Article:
Due to heating of the drum 1, the foam in the depressions 6 is partially set and thereby sufiiciently solidified by the time the roller 9 is reached, for adhesion to the base material M and withdrawal from the depressions as the fabric is advanced by the conveyer 12 through the chamber 11 for final treatment of the foam as may be required. At i7 there is conventionally shown a means for maintaining the base material M under sufficient tension to cause it to hug the surface of the drum 1 enroute from the roller 8 to the roller 9. As illustrated in Figs. 4 and 5, the product resulting from the operation of the apparatus as above constructed, is characterized by uniformly-spaced design figures 18 of foam projecting upwardly from the base material M.

lf found necessary or desirable, the drum may be additionally heated to hasten the setting of the liquid foam deposited in the recesses 6, by means of a hollow jacket 19 through which steam or other fluent heating medium is circulated, said jacket extending about the portion of the drum contacted by the base material M.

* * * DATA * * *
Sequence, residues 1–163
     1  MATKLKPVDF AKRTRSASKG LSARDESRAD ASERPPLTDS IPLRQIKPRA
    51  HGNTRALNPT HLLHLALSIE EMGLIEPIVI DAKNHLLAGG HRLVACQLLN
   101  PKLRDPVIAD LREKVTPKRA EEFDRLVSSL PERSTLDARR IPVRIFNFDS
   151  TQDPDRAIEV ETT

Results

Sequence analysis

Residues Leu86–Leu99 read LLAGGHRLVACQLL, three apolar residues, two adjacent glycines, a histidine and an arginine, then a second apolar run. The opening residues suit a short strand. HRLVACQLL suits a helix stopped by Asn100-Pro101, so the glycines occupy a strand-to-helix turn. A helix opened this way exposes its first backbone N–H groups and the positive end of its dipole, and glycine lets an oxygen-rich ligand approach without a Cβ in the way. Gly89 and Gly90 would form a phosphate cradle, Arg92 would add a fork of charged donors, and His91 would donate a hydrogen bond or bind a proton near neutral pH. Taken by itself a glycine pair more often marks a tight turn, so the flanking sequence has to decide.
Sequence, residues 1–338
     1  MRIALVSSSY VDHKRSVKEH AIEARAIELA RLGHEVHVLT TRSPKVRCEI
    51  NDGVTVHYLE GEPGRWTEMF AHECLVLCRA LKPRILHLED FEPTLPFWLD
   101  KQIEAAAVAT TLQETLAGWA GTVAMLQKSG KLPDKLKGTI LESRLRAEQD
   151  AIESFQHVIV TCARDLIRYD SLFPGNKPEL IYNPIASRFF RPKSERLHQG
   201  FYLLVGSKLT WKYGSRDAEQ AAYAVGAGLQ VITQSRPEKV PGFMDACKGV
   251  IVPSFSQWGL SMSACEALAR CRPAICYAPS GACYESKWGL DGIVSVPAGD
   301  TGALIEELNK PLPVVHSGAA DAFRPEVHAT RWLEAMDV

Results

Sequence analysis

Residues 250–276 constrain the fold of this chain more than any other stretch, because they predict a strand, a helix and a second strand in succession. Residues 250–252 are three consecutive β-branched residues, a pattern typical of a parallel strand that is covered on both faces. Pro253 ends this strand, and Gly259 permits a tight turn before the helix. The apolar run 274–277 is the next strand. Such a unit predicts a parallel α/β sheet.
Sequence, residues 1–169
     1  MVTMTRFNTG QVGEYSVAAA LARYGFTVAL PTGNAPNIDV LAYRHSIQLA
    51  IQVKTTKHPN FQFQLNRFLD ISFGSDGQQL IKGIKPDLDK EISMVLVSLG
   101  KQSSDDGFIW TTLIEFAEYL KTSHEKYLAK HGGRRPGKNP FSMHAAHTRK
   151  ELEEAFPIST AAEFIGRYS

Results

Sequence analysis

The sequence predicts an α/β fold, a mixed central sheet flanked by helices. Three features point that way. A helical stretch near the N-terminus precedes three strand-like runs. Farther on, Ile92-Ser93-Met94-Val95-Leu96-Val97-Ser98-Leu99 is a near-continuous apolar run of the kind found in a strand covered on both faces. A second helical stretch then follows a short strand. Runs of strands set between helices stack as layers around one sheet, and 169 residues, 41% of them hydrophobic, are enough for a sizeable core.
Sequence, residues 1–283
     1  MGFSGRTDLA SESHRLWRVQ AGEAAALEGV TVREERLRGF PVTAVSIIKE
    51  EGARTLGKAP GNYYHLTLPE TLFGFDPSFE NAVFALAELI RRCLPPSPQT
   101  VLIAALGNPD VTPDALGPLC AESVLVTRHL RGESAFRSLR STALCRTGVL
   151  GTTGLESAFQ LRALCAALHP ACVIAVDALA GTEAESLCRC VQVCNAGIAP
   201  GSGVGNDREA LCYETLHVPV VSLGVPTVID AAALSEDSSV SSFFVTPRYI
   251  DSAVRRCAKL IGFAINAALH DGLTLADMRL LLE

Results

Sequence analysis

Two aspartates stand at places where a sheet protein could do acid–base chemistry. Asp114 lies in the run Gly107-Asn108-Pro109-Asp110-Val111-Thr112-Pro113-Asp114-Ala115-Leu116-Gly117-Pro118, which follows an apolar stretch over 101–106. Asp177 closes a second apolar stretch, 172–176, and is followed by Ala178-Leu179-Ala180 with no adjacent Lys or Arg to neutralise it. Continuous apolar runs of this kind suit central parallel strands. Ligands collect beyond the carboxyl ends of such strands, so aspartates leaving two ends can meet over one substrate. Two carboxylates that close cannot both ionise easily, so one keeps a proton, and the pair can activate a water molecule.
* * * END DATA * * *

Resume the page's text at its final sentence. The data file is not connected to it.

In the modification of Figs. 6 and 7, the drum 1 is provided, at opposite sides, with circumferential rim lianges Ztl which extend beyond the indented surface of the drum and by which the base material M is held spaced somewhat from said surface as it passes about the drum. As a consequence, it will be seen that a layer 21 of foam will be deposited upon the surface of the base material M with the design figures 18 projecting therefrom.